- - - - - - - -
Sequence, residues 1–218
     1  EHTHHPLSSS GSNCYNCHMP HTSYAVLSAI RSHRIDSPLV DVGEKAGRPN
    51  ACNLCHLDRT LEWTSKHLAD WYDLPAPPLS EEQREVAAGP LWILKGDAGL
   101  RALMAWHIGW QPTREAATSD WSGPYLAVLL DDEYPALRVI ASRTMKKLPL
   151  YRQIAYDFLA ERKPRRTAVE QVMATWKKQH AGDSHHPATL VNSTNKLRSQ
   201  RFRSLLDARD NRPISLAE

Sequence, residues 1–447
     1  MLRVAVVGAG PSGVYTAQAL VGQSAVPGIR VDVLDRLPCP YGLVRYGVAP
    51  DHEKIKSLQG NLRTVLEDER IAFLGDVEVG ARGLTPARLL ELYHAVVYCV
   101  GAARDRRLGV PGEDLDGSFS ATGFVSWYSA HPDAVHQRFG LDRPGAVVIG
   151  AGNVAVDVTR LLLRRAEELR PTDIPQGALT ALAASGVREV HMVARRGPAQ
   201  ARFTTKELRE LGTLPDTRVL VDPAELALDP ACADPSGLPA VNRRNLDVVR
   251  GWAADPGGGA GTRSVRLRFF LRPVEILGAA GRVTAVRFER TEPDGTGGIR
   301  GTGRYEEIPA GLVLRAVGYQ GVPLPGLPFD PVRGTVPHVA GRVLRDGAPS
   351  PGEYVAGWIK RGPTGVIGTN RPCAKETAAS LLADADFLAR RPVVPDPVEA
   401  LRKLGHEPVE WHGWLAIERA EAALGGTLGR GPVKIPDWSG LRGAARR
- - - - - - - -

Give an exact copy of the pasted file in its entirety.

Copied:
Sequence, residues 1–218
     1  EHTHHPLSSS GSNCYNCHMP HTSYAVLSAI RSHRIDSPLV DVGEKAGRPN
    51  ACNLCHLDRT LEWTSKHLAD WYDLPAPPLS EEQREVAAGP LWILKGDAGL
   101  RALMAWHIGW QPTREAATSD WSGPYLAVLL DDEYPALRVI ASRTMKKLPL
   151  YRQIAYDFLA ERKPRRTAVE QVMATWKKQH AGDSHHPATL VNSTNKLRSQ
   201  RFRSLLDARD NRPISLAE

Sequence, residues 1–447
     1  MLRVAVVGAG PSGVYTAQAL VGQSAVPGIR VDVLDRLPCP YGLVRYGVAP
    51  DHEKIKSLQG NLRTVLEDER IAFLGDVEVG ARGLTPARLL ELYHAVVYCV
   101  GAARDRRLGV PGEDLDGSFS ATGFVSWYSA HPDAVHQRFG LDRPGAVVIG
   151  AGNVAVDVTR LLLRRAEELR PTDIPQGALT ALAASGVREV HMVARRGPAQ
   201  ARFTTKELRE LGTLPDTRVL VDPAELALDP ACADPSGLPA VNRRNLDVVR
   251  GWAADPGGGA GTRSVRLRFF LRPVEILGAA GRVTAVRFER TEPDGTGGIR
   301  GTGRYEEIPA GLVLRAVGYQ GVPLPGLPFD PVRGTVPHVA GRVLRDGAPS
   351  PGEYVAGWIK RGPTGVIGTN RPCAKETAAS LLADADFLAR RPVVPDPVEA
   401  LRKLGHEPVE WHGWLAIERA EAALGGTLGR GPVKIPDWSG LRGAARR